wrongs are borne.
In him a royal prince, and many more
Of noble blood in this declining land.
The king is not himself, hut basely led
By flatterers; and what the; will inform,
Merely In hate, 'gainst any of us all,
That will the king severely prosecute
'Gainst us, our lives, our children, and om heirs.
Rott. The commons hath he plll'd with grievous taxes,
And lost their hearts: the nobles hath he fin'd For ancient quarrels, and quite lost their hearts.
Willo. And daily new exactions are detis'd; As blank*, benevolences, and I wot not what; But what, o'God's name, doth become of this?
North. Wars have not wasted it, for warr'd he hath not, But basely yielded upon compromise That which his ancestors achieved with blows: More hath he spent in peace, than they in wars.
Rott. The earl of Wiltshire hath the realm in farm.
Willo. The king's grown bankrupt, like u brokeu man.
North, Iteproach, and dissolution, hangeth over him.
Rott. He hath not money for these Irish wars. His burdenous taxations notwithstanding, But by the robbing of the banish'd duke.
North. His noble kinsman: most degenerate
But lords, we hear this fearful tempest sing,
Yet seek no shelter to avoid the storm:
We see the wind sit sore upon our sails,
And yet we strike not, but securely perish.
Rott. We see the very wreck that we must
And unavoided is the danger now,
For suffering so the causes of our wreck.
North. Not so; even through the hollow eyes of
I spy life peering; but I dare not say
How near the tidings of our comfort fs.
Willo. Nay, let us share thy thoughts, as thou dost ours.
Rots. Be confident to speak, Northumberland: We three are but thyself; and, speaking so, Thy words are but as thoughts; therefore, be bold.
North. Then thus:—I have from Fort le Blanc, a bay
In Brittany, recelv'd intelligence,
That Harry Hereford, Heignold lord Cobham,
[The son of Hichard Earl of Arundel,]
That late broke from the duke of Exeter,
His brother, archbishop late of Canterbury,
Sir Thomas ETpingham, sir John llamston,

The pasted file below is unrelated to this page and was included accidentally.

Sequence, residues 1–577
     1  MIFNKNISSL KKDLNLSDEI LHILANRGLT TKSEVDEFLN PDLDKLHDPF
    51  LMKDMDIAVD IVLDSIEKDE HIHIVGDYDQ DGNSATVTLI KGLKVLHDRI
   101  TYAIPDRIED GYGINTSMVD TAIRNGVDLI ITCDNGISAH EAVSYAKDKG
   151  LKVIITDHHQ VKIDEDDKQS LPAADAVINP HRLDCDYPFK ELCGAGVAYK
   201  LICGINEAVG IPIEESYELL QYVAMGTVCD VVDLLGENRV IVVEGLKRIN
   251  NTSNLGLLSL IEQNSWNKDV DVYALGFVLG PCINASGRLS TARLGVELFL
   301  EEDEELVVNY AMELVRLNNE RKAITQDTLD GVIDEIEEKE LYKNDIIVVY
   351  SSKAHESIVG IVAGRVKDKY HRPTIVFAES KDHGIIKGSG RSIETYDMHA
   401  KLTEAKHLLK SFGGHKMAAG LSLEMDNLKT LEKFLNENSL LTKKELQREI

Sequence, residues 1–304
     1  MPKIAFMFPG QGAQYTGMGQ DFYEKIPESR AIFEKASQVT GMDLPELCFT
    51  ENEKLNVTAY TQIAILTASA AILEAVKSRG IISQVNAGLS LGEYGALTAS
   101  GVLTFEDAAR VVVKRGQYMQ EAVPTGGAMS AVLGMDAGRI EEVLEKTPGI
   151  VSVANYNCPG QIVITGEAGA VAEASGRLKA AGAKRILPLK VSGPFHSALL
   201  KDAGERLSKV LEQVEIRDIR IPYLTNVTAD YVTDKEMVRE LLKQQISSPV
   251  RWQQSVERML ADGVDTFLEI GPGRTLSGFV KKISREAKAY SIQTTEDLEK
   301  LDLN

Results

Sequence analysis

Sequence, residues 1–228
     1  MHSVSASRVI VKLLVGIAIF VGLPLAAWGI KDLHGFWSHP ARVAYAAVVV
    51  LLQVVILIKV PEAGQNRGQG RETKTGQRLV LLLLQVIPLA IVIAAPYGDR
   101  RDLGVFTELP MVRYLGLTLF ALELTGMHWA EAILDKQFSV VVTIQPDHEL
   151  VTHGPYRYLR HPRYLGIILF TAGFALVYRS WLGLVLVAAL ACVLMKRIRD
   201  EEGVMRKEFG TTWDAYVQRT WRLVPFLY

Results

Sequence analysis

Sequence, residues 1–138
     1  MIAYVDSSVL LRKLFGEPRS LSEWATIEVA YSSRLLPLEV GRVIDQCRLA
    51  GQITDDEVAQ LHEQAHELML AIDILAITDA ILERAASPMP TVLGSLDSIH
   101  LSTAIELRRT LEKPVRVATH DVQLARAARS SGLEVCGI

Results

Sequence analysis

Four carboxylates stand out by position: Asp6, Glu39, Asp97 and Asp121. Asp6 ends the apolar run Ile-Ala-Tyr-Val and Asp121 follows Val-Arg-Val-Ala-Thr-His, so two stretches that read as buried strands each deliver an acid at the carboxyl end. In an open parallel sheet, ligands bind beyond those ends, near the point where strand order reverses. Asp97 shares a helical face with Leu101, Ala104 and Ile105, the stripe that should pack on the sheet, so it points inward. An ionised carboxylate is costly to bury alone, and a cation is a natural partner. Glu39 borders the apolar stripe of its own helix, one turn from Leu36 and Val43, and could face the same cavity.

Sir John Norbery, sir Hobert Waterton, and Fran-
All these, well furnish'd by the duke of Bretagne,
With eight tall ships, three thousand men of war.
Are making hither with all due expedience,
And shortly mean to touch our northern shore
Perhaps, they had ere this; but that they stay
The first departing of the king for Ireland.
If then we shall shake otT our slavish yoke,
Imp out our drooping country's broken wing,
Redeem from broking iJawn the blemish'd crown,
Wipe off the dust that hides our scepter's gilt,
And make high majesty look like itself,
Away, with me, in post to Havenspurg:
But if you faint, as fearing to do so,
Stay and be secret, and myself will go.
Rott. To horse, to horse! urge doubts to them
Willo. Hold out my horse, and I will first be there. [Kxevnt.
SCENE II The tame. A Room in (he Palace.
Enter Queen, Bushy, and Bagot.
Suthy. Madam, your majesty is too much sad
You promis'd, when you parted with the king,
To lay aside life-harming heaviness,
And entertain a cheerful disposition.
Queen. To please the king, I did; to please myself,
I cannot do it: yet I know no cause
Why I shouIAwelcome such a guest as grief,
Save bidding larewell to so sweet a guest
As my sweet Hichard • Yet, again, methinks,
Some unborn sorrow, ripe in fortune's womb,
Is coming towards me; and my inward soul
With nothing trembles: at something it grieves,
More than with parting from my lord the king.
Buthy. Each substance of a grief hath twenty
Which show like grief itself, but are not so;
For sorrow's eye, glazed with blinding tears.
Divides one thing entire to many objects;
Like perspectives, which, rightly gaz'd upon.
Show nothing but confusion; ey'd awry,
Distinguish form: so your sweet majesty,
Looking awry upon your lord's departure,
Finds sTiapes of griefs, more than himself, to w ail;
Which, look'd on as It Is, la nought but shadows
Of what it is not. Then, thrice-gracious queen,
More than your lord's departure weep not; more's
Or if it be, 'tis with false sorrow's eye,
Which, for things true, weeps thing* imaginary.
Queen. It max be so ; but yet my inward soul Persuades me, it is otherwise : Howe'er it be, I cannot but be sad ; so heavy sad, As—though, in thinking, on no thought I think,— Makes me with heavy nothing faint and shrink.